Vitamin H is biotin or vitamin B-7. Biotin helps convert your food to energy and is needed for healthy hair and nails. According to the Institute of Medicine, the adequate intake for biotin is 30 micrograms for adults aged 19 and older. Biotin is present in many different food sources, and the bacteria in your gut makes some biotin as well.
The Biotin Content in Foods Varies
Researchers of a study published in the "Journal of Food Composition and Analysis" in 2004 used a scientific method to specify the biotin content in 87 foods. They then compared their numbers to biotin numbers in published resources. The published biotin content numbers varied from the biotin amounts researchers found. They stated this is possibly due to varying growing conditions, analytical problems, biotin availability -- as some is protein-bound in foods, biotin content of animal feeds and fertilizers, processing and several other factors. They concluded that meat, egg, dairy, fish and some vegetables are relatively high in biotin. They also found other plant foods to be relatively good sources of biotin.
Animal Food Sources
Liver is possibly the food highest in biotin with 27 to 35 micrograms in 3 ounces -- that is 90 to 117 percent of the adequate intake for biotin. One large cooked egg has 13 to 25 grams of biotin -- most is contained in the cooked yolk. Cheddar cheese is another fairly good source of biotin with up to 4 grams in 1 ounce. Pork has 2 to 4 micrograms. If you are concerned about high cholesterol -- as liver, egg yolk, cheese and pork are sources of dietary cholesterol -- have 3 ounces of salmon to get 4 to 5 micrograms of biotin, or add plant sources of biotin to your diet.
Plant Food Sources of Biotin
Researchers of the 2004 study found that some whole grains such as oatmeal, although very nutritious as a food source for many other nutrients, may not have as much biotin as previous publications claimed. However, they found whole-wheat bread is a good source of biotin with up to 6 micrograms -- 20 percent of the adequate intake -- of biotin in 1 slice. Other plant foods containing a significant amount of biotin include avocados, with 2 to 6 micrograms in one avocado; raspberries, with up to 2 micrograms in 1 cup; and cauliflower, with up to 4 micrograms in 1 cup. Bananas, mushrooms, almonds, peanuts, pecans and walnuts also contain biotin in varying amounts.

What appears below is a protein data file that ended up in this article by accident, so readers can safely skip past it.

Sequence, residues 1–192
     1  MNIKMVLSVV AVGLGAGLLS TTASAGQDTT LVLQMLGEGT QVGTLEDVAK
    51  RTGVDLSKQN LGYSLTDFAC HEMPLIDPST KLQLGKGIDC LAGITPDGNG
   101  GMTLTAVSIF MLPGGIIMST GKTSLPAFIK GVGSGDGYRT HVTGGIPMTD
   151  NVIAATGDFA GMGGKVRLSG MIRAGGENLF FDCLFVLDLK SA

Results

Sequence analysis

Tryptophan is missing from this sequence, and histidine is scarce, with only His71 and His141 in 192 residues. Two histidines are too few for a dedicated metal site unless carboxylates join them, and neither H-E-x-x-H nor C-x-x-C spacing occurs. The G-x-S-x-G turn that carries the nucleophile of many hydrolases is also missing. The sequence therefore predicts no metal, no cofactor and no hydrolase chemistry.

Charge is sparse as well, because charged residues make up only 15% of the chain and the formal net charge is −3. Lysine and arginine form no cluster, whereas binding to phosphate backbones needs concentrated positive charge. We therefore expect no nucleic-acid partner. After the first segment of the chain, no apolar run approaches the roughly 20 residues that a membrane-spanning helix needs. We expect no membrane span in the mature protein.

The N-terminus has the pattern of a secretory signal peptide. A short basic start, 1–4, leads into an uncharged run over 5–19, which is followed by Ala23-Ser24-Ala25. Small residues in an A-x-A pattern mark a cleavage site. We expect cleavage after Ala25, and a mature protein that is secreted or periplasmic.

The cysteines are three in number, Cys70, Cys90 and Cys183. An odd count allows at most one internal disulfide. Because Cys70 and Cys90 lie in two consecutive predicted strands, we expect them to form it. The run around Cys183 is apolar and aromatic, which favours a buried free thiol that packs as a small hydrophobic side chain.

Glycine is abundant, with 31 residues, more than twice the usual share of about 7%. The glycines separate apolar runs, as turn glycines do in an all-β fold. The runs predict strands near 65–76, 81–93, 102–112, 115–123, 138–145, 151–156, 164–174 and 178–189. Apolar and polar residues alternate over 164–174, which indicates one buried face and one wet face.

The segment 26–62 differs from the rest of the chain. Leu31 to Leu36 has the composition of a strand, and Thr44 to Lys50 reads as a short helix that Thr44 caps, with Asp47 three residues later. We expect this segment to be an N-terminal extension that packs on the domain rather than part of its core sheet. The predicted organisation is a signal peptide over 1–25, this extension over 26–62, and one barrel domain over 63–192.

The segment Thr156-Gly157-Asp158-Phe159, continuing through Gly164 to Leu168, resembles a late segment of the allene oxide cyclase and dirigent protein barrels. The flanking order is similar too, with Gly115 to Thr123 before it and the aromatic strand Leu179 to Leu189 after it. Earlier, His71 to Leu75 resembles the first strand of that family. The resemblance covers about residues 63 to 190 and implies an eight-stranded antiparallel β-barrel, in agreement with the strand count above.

Your Intestinal Bacteria Can Make Biotin
Biotin is water-soluble, which means your body does not store it although it is needed to metabolize your food into energy. The bacteria in your intestine can make some biotin, but little is known about how much of this biotin your body actually absorbs. Long-term use of antibiotics or eating raw egg whites can cause biotin deficiency. Long-term use of antibiotics can kill too much of your gut bacteria needed to produce biotin, and raw egg whites have a chemical that binds to biotin, decreasing your absorption of it.
- National Center For Biotechnology Information: Dietary Reference Intakes for Thiamin, Riboflavin, Niacin, Vitamin B6, Folate, Vitamin B12, Pantothenic Acid, Biotin, and Choline: Biotin
- Harvard Medical School: Listing of Vitamins
- MedlinePlus: Biotin
- MedlinePlus: Pantothenic Acid and Biotin
- Linus Pauling Institute: Biotin
- Journal of Food Composition and Analysis: Determination of the Biotin Content of Select Foods Using Accurate and Sensitive HPLC/Avidin Binding
- USDA National Nutrient Database: Food Search
- University of Maryland Medical Center: Vitamin H (Biotin)